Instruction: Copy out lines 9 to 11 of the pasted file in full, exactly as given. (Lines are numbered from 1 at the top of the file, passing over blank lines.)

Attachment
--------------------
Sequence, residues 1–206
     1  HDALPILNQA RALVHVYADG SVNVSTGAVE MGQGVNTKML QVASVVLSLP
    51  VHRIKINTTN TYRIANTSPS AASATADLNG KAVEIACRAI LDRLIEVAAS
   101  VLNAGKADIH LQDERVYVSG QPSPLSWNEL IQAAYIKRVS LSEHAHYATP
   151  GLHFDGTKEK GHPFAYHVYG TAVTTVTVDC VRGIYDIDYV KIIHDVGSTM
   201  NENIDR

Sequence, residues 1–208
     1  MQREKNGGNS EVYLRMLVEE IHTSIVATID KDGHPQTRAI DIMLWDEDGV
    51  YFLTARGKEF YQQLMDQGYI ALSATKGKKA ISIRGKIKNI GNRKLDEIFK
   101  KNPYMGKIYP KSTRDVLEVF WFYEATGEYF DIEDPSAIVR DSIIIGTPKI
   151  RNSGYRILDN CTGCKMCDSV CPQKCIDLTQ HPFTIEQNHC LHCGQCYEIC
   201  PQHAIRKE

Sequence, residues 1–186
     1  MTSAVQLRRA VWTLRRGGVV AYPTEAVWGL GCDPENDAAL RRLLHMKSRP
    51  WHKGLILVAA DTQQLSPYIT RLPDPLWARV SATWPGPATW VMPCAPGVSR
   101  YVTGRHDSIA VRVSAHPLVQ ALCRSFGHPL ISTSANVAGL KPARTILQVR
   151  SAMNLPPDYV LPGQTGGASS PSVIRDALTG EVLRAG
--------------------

    51  YFLTARGKEF YQQLMDQGYI ALSATKGKKA ISIRGKIKNI GNRKLDEIFK
   101  KNPYMGKIYP KSTRDVLEVF WFYEATGEYF DIEDPSAIVR DSIIIGTPKI
   151  RNSGYRILDN CTGCKMCDSV CPQKCIDLTQ HPFTIEQNHC LHCGQCYEIC